The world today seems to be going all topsy-turvy because of the “Global Economy”. Everyday I read more about cut backs here, lay-offs there and a new term that I find mildly amusing – being made redundant. Seriously? Has our society become so thin skinned that we have resorted to the thesaurus to ease the pain of being fired? Instead of saying, “Sam, I am sorry but you are no longer needed here, and your position is no longer useful to the company.” It is somehow BETTER to hear, “Sam, we are making you redundant.” I wouldn’t know what to do with that. I would sit there; blank faced wondering what I should say. But I digress. The point was that the world seems to be going through a purse pinching, cancel that Latte, I’ll walk to work if I still have a job to walk to – crisis time.
I am completely unaffected by this. I am not saying this to be arrogant, or brag about my amazing job, but the global economy has little effect on me or my life. Why? I have always lived this way. My best friend often jokes that I am the only woman in the world who can have $20 at the beginning of the month, and come the thirtieth I still have about $10. I am not just frugal; I learned the value of money very early in my life. And I am not afraid of living off of potatoes.
I grew up in a predominately pretentious, little white suburb in Southern California just south east of Pasadena. The San Gabriel Mountains and the Angeles National Forrest were literally in my back yard. La Canada, California – home to Descanso Gardens, The LCHS Spartans, Christians and soccer moms galore. It is now called La Canada Flintridge and is even more gentrified than when I was growing up – if that is even possible. Back then there was no movie theater, no shopping mall and one video store. You were either an alum of La Canada Elementary or Paradise Canyon. Your parents made you attend one of five churches on Sunday and you played on a sports team.
As I got older, my friends and I embarked on new adventures such as meeting at Winchel’s Donuts to discuss where the party was, or we would drive up Angeles Crest Highway and drink in our cars until the cops came. Other times we would go to a point called Sugar Loaf and just “hang out”. Most times we partied at our friend’s houses. These friends usually had parents who thought it best for their sweet darlings to do their drinking under their roof, even if they were not home. God bless ‘em. As a point of reference, I had friends named Missy, Beau, Becky, Heidi, Holly, Bry, Brent, Dustin, K.C. and Shari.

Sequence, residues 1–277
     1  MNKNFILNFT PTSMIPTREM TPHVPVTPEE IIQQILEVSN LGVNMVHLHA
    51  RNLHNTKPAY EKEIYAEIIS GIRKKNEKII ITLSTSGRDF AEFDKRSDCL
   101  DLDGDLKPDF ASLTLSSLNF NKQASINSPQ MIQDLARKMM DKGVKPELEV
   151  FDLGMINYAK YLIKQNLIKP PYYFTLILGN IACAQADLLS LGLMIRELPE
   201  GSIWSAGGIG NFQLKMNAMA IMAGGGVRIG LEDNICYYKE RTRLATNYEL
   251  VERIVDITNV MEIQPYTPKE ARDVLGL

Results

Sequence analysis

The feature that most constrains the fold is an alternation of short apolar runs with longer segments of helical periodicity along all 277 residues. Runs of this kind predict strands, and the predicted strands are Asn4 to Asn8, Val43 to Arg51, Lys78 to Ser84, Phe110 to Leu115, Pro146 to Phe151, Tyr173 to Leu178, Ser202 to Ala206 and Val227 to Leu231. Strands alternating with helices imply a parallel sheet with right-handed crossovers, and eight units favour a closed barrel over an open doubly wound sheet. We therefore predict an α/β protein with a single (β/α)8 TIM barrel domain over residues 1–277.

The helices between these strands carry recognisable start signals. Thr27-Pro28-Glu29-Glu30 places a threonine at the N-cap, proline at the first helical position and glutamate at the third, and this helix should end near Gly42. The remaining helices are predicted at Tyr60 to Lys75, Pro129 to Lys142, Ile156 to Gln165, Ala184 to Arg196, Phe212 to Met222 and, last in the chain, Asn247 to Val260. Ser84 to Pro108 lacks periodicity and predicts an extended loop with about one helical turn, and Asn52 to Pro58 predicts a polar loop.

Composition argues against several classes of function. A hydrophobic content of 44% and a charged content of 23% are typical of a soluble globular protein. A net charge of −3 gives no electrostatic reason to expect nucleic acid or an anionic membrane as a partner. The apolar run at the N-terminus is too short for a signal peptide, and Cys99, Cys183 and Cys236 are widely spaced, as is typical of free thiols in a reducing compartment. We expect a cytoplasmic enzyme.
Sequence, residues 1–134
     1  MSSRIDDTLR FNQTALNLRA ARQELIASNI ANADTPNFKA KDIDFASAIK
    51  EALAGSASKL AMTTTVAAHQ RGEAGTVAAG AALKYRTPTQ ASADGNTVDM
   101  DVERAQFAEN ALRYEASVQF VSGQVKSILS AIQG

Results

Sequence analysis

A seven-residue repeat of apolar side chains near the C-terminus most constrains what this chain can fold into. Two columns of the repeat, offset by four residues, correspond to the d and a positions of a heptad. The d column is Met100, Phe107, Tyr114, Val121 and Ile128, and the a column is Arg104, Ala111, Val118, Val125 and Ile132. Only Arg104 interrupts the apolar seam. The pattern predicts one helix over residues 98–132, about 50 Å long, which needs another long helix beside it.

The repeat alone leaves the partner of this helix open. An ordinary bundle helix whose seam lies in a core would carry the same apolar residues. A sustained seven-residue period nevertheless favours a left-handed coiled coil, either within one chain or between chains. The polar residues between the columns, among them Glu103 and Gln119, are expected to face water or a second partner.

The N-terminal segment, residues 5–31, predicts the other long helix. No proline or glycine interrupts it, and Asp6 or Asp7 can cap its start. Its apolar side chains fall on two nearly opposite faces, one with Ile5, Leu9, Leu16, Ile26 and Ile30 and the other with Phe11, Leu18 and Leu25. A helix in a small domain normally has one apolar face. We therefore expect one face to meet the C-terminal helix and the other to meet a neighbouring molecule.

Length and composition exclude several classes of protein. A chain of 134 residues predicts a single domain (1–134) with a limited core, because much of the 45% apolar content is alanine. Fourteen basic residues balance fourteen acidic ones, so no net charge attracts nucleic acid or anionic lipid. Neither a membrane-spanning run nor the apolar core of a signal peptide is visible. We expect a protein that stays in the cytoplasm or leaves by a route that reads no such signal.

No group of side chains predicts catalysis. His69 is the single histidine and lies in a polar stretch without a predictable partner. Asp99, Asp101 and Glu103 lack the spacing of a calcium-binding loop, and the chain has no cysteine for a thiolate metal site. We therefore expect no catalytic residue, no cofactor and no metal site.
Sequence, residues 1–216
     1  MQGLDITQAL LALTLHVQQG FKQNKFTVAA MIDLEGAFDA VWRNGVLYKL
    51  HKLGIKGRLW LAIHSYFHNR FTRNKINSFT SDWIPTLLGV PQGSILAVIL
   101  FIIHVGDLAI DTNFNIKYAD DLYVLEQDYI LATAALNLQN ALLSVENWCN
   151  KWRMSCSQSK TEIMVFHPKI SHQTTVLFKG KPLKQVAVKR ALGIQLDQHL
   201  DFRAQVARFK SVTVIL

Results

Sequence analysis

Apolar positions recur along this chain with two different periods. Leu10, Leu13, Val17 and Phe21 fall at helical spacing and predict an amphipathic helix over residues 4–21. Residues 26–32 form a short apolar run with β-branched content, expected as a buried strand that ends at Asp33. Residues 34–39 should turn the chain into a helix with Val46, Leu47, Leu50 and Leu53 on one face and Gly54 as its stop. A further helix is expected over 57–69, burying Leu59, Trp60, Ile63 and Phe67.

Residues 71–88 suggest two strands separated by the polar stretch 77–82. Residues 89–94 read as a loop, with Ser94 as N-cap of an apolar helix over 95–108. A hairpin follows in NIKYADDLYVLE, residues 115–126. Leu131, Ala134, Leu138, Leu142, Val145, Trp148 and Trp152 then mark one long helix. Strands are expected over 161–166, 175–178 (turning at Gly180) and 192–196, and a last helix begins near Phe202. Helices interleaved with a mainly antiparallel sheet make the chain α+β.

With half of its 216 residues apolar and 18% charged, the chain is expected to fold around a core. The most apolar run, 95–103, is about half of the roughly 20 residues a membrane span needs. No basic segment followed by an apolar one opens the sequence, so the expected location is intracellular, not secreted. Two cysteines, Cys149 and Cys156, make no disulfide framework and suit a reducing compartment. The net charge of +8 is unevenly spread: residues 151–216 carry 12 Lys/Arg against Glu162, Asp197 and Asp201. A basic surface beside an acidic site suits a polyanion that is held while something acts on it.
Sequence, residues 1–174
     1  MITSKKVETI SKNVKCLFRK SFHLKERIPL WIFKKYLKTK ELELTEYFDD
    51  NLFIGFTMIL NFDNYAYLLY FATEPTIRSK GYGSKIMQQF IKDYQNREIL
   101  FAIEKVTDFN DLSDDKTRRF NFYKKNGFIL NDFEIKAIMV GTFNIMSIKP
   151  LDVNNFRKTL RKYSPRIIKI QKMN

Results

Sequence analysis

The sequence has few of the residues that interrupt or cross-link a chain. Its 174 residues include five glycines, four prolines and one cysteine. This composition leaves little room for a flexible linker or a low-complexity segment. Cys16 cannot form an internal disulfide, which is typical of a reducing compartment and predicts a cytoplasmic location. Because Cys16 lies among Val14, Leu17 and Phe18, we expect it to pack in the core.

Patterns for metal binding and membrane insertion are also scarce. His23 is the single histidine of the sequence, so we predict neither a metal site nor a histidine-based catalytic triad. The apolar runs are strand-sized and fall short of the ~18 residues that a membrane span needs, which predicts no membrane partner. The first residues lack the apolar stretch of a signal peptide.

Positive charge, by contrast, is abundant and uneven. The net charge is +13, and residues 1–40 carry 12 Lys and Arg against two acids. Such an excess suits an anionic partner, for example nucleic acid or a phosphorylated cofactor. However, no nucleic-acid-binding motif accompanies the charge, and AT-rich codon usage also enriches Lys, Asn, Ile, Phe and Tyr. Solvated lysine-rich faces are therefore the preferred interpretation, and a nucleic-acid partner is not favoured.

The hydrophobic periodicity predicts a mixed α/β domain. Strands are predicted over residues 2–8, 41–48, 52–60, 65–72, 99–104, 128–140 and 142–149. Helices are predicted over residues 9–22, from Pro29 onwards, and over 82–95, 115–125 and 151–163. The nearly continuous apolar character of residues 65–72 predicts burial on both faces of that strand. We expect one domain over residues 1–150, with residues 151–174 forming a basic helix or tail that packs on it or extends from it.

This was La Canada.
My parents were Republican, my brother was Republican and I am pretty sure that our dog was Republican. I think that there was some sort of paper you had to fill out before buying property stating that you promised to vote republican, stay white and not bring in any outsiders to the village. I don’t think I knew anyone who was a democrat growing up. It was rumored that my dad was, but he never talked about it. Fear of my mother will strike you silent.
Statistically, my family was on the “poor” side. This is to say that my father built our home with his own two hands, my mother worked, both my brother and I had to get jobs when we turned sixteen, and unlike the majority of my friends at school, I was not given a car for my birthday. At high school graduation when all of my friends were hoping in their new cars and heading off to college I was unwrapping my Lava Lamp that flowed the color of the LCHS Spartans. God job kid.